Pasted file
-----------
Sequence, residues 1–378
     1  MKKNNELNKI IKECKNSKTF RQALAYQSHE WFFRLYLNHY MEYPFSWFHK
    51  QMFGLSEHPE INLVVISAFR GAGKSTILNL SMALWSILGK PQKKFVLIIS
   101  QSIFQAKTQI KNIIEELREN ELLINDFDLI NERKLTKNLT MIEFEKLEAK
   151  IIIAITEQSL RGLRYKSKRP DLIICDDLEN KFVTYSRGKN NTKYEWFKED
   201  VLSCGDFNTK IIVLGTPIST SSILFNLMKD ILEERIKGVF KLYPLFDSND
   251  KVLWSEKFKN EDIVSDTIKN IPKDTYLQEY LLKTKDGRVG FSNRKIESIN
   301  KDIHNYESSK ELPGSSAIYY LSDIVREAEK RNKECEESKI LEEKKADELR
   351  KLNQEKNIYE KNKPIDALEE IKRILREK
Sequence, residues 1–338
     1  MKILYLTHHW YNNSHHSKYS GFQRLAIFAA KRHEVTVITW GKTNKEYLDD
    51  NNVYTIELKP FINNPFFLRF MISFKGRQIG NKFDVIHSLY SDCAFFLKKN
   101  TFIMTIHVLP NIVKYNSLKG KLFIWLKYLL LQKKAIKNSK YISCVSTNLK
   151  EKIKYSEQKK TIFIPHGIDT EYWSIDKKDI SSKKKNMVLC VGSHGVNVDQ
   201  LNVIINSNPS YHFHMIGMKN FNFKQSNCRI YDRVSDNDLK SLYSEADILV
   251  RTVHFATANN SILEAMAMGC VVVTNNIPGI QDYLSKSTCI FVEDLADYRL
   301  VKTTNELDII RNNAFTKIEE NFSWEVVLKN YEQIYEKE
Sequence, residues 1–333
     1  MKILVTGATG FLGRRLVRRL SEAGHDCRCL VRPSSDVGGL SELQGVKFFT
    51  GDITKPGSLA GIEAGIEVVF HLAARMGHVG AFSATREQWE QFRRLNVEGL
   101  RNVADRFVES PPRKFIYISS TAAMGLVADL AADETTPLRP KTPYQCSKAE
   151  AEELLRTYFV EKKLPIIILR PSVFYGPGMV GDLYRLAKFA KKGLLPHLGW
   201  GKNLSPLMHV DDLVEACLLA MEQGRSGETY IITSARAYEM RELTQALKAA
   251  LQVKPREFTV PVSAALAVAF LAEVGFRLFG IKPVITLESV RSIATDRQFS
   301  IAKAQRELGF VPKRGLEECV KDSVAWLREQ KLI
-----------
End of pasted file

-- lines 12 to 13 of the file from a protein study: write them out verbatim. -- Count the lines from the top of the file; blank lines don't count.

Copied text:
    51  NNVYTIELKP FINNPFFLRF MISFKGRQIG NKFDVIHSLY SDCAFFLKKN
   101  TFIMTIHVLP NIVKYNSLKG KLFIWLKYLL LQKKAIKNSK YISCVSTNLK